Wednesday, 18 July 2018

Non-rower ‘sticks his oar in’ to remember Great War dead

Non-rower ‘sticks his oar in’ to remember Great War dead

AN exhibition opening at the Old Fire Station Gallery today (Friday) aims to remember all the rowers of Henley and the Thames who fought and died in the First World War.

Running until Monday, July 9, and coinciding with this year’s Henley Royal Regatta — which takes place from July 4 to 8 — the exhibition is the brainchild of local historian Mike Willoughby.

Mr Willoughby, 70, who lives in Woodcote with his wife Lesley, began researching the First World War in 2007 after learning that his great uncle had been killed in action on the Somme.

His work eventually led to the founding of Henley’s Lest We Forget project and the publication in October 2014 of a 320-page commemorative book titled Bringing Them Home — Men of Henley 1914-1921.

Olympic rower Debbie Flood will declare the exhibition open at noon today at the gallery in Upper Market Place behind the town hall — the use of which has been donated free of charge by Henley Town Council.

Explaining how he came to focus on the rowing community despite not being a rower himself, Mr Willoughby said: “I researched the Leander Club memorial, after which I was invited to join the club as their guest on a trip to Ypres and the Somme.

“I passed my original research to them, and since then edited pieces on some of their men have appeared in their newsletters and on their website.

“I did ask them if they were interested in a general ‘Rowers of Henley’ project but understandably they said that their interest was Leander.

“Although not personally a rower, I saw that rowing had for a very long time played a large part in the history of Henley, and even from some time before the start of the Great War the Royal Engineers were a regular sight on exercise on the Thames. The Royal Engineer Yacht Club also competed at the regatta, so it was fitting to try and record the rowers of Henley who died.

“This has ended up with me identifying 475 rowers, writing a one-page biography of each, with a picture of the vast majority, and visiting their graves — as with every man researched — in France, Belgium, the UK and, most recently, Gallipoli.

“The exhibition will comprise an 8ft by 4ft memorial plaque containing the names and details of the 475 rowers, 14ft by 2ft pictorial boards on the rowers, pictorial boards of Henley town around the time, and various Great War artefacts and memorabilia.”

Mr Willoughby said his work on the Lest We Forget project over the past six years had been supported by his wife Lesley who, following a 2012 exhibition at Henley’s Holy Trinity Church, succeeded in securing a grant of £8,200 from the Heritage Lottery Fund.

He added: “This was matched by substantial donations from Henley Lions, Higgs Group, the family of Charles and George Tidman, Waitrose, Sir William and Lady McAlpine, Graham and Sarah Whittaker of Stoke Row and mainly the people of Henley. This enabled us to produce Bringing Them Home and funded three memorial plaques — one in the town hall and one each in Holy Trinity and St Mary’s Church — recording all of the men of Henley recorded to date who died in the First World War.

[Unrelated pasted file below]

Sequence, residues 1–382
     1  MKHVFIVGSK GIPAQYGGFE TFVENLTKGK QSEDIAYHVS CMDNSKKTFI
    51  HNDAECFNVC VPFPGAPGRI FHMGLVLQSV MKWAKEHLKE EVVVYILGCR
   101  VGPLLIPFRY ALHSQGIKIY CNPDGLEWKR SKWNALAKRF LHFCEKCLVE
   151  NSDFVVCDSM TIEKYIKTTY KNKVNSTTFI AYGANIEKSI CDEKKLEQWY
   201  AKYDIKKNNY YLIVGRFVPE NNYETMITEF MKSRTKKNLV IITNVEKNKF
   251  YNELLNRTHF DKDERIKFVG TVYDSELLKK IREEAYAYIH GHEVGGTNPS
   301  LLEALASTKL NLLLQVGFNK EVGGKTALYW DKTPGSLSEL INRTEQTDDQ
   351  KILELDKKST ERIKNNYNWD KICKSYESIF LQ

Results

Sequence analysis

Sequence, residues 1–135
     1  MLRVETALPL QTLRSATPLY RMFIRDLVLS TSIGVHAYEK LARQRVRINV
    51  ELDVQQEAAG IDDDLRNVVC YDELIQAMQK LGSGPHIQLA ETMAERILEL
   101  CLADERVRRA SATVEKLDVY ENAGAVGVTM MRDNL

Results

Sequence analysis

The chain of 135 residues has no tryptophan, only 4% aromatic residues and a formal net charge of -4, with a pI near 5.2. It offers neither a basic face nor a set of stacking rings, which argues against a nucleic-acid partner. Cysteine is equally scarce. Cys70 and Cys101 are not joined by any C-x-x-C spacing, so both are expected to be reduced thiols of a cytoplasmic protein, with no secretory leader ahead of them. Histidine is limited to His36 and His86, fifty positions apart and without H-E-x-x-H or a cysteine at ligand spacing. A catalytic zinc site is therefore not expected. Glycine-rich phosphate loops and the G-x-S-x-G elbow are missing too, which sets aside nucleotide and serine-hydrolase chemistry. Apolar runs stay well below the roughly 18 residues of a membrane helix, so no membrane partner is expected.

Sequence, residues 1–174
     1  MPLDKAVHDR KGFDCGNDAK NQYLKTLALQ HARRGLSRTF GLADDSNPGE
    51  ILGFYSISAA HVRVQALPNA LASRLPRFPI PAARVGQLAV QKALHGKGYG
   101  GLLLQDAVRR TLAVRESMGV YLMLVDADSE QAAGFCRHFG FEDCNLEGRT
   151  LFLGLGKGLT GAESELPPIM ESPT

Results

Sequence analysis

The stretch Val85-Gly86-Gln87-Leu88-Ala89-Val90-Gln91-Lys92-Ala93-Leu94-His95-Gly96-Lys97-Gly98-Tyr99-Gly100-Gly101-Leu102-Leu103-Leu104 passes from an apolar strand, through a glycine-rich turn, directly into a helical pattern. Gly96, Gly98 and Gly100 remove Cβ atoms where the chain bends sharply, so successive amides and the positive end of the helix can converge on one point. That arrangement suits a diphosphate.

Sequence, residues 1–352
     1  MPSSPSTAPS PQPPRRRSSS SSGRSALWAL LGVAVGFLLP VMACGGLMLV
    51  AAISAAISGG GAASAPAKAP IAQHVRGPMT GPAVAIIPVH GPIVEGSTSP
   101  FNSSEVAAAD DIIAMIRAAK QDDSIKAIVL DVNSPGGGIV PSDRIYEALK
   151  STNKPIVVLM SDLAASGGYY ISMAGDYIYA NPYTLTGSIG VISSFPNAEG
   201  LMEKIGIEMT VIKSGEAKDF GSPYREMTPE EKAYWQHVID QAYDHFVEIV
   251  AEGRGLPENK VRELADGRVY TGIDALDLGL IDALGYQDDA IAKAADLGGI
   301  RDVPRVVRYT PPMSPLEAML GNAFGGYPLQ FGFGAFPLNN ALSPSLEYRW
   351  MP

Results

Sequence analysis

“We have also funded five granite tablets marking the unmarked graves of Henley soldiers who had died, in Holy Trinity and Fairmile cemeteries, numerous exhibitions and school visits — which are ongoing — all financed by the project.

“What we would consider to be a major unplanned bonus to the project was the petition that we organised to get NHS Property Services to rename Townlands Hospital as Townlands Memorial Hospital to reflect the old War Memorial Hospital which was the original Great War memorial financed by the people of Henley.

“Subsequent to this, the hospital developers have generously paid for a new Great War Memorial which contains the names of all of the now 313 men of Henley known to have died in the war. At the start of the project there were 194 men known but not all identified.

“NHS Property Services have given permission for the memorial to be sited in the grounds of Townlands Memorial Hospital and a ceremony will take place on Friday, November 2, when the Lord-Lieutanant of Oxfordshire, Tim Stevenson, has kindly agreed to conduct the ceremony.”

Mr Willoughby said his work with local schools had been one of the most rewarding aspects of the Lest We Forget project.

He praised the enthusiasm of pupils to learn about the lives of the soldiers in the trenches, adding: “Their interest in the artefacts and the questions they ask are quite amazing.

“I make annual visits to St Mary’s School and Rupert House have kindly included me in the Remembrance Day service.

“I also carried out an amazing project with Gillotts School where thanks to one of the teachers, Hazel Waeland, and her husband Paul Whitty, they recorded all of the names of the Henley soldiers who died in the First World War and it is the intention that these will be read out as a background at this year’s Remembrance Day service in Market Place.

“Along with the planned school visits to our exhibitions at Holy Trinity Church each year the continual interaction with local schools has been a very important part of the project.”

• Admission to the Old Fire Station Gallery exhibition, which is open daily from 10am to 7pm, is free. For more information, visit www.henley-lestweforget.co.uk

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